Thursday, July 11, 2013
Players like midfielder Kildare's Luke Flynn will prosper in Croke Park

Players like midfielder Kildare’s Luke Flynn will prosper in Croke Park

IF a week is a long time in politics then a fortnight can feel like a lifetime in Gaelic football.

We have been here before but somehow the return to the familiar breeding ground of the Qualifiers feels different this year. Defeat is never easy to accept and the 2011 loss to Dublin was particularly cruel but what transpired in Croke Park last Sunday week was a new low for this county. It is one thing to slip so far that you become irrelevant but to reach for the top and miss by so much is a really sickening feeling.

While this year’s Kildare side has been infused with youth, the core of the team has been on the road as long as Kieran McGeeney has been in charge. Having clocked up so much mileage on and off the training pitch in the last six years, now is not the time to be crash-tested.

A home qualifier against Louth represents a huge opportunity for Kildare but it will have taken a monumental mental leap to have overcome the Dublin defeat.

There is a lot of mileage on the clock among the majority of that squad and there comes a time when you just can’t raise it anymore. Kildare’s experienced players have played a lot of football in the last six seasons. They looked anything but fresh against Dublin so just getting right physically will have been a challenge in the last fortnight.

Of course Kildare aren’t as bad as the scoreline made them look against Dublin and until the year is out we won’t quite know how good this Dublin side are. If they go on to fillet Meath in the same manner that they ripped us apart then we might feel a little better but not much. I refuse to believe that Dublin have jumped that far ahead of us in such a short space of time. To my mind, it is a combination of Kildare going backwards and Dublin going forward that has led to two chastening defeats in 2013.

Whatever about the change in personnel, there seems no clear purpose in how we now play. Do our players have a clear understanding of how they’re supposed to play? Against the weaker teams we get away with our open style of football because we generally over-power them. We became the team that would score 18 points if you scored 17 but against the very best teams, that approach has always failed and in the worst case scenario it has led to us receiving three major hammerings inside the last 12 months.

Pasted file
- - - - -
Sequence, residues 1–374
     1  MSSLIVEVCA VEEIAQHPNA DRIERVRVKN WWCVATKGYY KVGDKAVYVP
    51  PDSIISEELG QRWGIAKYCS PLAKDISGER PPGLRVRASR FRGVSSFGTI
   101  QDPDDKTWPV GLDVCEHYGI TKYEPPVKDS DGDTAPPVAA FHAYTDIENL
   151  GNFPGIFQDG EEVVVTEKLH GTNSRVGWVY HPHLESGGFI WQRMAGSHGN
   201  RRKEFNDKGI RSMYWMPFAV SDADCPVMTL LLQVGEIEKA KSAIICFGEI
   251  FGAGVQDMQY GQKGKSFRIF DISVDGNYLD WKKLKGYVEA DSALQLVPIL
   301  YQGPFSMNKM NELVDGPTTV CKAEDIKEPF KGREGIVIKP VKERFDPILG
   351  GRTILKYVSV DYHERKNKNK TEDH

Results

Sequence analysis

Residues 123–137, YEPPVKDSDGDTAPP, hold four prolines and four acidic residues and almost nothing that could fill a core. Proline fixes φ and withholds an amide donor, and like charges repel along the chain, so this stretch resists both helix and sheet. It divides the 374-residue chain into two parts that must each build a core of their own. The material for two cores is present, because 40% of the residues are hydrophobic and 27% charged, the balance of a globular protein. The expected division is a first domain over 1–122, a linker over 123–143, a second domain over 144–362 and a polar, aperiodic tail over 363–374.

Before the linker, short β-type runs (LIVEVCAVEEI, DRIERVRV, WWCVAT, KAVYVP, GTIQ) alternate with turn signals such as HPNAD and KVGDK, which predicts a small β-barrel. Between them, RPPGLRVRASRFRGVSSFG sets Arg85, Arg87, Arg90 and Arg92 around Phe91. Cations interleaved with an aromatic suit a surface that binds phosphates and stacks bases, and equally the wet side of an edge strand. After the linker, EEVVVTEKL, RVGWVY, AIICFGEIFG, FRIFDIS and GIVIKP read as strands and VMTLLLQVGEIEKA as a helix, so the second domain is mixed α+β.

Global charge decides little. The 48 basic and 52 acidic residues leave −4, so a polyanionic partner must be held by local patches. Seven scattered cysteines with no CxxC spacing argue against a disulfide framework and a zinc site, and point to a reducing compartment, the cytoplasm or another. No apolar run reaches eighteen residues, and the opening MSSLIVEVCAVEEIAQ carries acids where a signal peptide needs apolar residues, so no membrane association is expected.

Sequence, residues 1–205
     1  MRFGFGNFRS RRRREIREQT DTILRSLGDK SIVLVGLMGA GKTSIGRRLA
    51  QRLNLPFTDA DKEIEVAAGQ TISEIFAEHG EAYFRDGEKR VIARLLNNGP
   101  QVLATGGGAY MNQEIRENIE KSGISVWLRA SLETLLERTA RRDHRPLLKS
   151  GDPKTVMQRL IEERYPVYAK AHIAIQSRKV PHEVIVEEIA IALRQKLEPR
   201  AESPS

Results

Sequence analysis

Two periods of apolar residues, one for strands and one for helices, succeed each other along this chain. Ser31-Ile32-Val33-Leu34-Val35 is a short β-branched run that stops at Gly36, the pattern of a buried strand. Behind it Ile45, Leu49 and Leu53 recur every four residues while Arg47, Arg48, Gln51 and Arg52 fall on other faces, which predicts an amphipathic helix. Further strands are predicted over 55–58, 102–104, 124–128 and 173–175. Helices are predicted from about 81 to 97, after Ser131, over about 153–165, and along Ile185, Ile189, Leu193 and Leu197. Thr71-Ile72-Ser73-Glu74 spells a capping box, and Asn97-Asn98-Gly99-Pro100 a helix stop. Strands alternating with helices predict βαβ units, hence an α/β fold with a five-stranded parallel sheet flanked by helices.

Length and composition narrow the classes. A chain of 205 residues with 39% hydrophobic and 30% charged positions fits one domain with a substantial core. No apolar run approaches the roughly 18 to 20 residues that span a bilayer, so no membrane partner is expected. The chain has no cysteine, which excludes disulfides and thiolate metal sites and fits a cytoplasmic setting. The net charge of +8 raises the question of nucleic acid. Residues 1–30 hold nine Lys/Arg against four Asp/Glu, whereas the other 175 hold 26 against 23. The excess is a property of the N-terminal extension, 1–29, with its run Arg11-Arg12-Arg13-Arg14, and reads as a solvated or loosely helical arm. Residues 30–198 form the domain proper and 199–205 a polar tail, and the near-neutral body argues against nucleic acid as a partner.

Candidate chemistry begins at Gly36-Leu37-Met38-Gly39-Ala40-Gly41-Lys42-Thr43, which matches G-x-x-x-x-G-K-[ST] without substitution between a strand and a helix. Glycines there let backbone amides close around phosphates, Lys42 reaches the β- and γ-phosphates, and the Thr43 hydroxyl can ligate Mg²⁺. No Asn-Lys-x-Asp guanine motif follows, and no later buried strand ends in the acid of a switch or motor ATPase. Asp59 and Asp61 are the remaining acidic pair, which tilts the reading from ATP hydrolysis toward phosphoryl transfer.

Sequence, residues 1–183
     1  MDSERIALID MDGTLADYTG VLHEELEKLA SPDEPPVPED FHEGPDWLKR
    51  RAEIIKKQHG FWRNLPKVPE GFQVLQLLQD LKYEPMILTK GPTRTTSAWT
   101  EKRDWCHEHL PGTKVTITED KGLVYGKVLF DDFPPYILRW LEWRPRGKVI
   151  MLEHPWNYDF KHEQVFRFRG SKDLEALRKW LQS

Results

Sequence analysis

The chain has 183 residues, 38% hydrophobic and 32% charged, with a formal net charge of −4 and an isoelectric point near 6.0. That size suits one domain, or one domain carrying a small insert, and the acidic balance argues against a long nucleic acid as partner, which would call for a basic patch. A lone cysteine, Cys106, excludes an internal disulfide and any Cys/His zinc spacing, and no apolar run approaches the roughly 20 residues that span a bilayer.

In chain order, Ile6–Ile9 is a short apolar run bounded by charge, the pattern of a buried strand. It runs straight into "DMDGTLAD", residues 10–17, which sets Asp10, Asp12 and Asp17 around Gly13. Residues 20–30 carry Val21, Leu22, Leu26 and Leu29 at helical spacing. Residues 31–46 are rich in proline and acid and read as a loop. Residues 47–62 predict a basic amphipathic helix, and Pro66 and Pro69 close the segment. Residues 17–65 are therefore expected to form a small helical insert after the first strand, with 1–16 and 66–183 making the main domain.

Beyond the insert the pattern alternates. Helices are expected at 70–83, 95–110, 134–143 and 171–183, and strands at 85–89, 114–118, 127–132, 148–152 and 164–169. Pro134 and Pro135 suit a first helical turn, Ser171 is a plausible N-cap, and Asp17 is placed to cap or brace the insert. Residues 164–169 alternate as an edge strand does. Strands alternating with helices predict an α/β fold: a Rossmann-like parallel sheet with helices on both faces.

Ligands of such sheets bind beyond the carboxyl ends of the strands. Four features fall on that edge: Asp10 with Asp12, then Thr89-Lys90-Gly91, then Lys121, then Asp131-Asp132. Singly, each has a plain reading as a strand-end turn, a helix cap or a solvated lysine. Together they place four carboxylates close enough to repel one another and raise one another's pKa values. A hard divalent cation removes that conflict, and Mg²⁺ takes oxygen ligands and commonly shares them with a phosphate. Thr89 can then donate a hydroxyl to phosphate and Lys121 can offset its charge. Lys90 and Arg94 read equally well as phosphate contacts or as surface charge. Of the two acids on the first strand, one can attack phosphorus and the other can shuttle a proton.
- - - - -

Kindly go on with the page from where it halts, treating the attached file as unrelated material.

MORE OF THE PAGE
At times it feels like we’re playing an older game of football, a version that is fine to watch but ineffective against the ultra-modern defensive and attacking systems employed by the very elite. It was never about the result against Dublin but the manner in which we were going to play. What we needed was evidence of a style and a system that Kildare could wear with comfort. Instead we witnessed a team that was lacking in direction and completely unsure about what to do when it was in trouble. That doesn’t bode well for a future tilt at titles under McGeeney.

The result is all important this weekend so it is hard to see how we will be able to change tact radically. If our players perform then we should be good enough to beat Louth but if they come equipped with a disciplined defence and a solid gameplan, they could well cause an upset.


Oh what a tonic to witness the county minors progress to a Leinster final. Like mushrooms, this team seem to have come up overnight and with so many of the big guns gone from the race, there could be more than just a Leinster title to play for this year.

With a strong spine and some really talented forwards, this minor side will be very hard to beat and all the more so in Croke Park where the likes of Chris Healy and Luke Flynn will surely prosper.

It was refreshing to see a Kildare side play with such abandon. Neither the opposition nor the venue seemed to affect us as we tore into Dublin from the beginning and never allowed them a chance to draw breath. What was most impressive about the minor performance was how we responded after conceding a goal against the run of play in the first half. If we had a fragile side they would have struggled to get going again but our response was emphatic and by the end of the first half we were almost out of sight.

Again the performance after half-time was impressive. With one foot in the final, Kildare refused to take their foot off the accelerator and drove at Dublin again. It was the

Hallmark of a good side and I wouldn’t be surprised if they are crowned Leinster champions on Sunday.

A good goalkeeper and a reliable freetaker will be vital assets at Croke Park and Kildare have one of the best young keepers I’ve ever seen in Sean Dempsey. Neil Flynn, Wayne Fitzpatrick and Jamie Flynn are all comfortable from dead balls which bodes well for Sunday.

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Having clocked up so much mileage on and off the training pitch in the last six years, now is not the time to be crash-tested"

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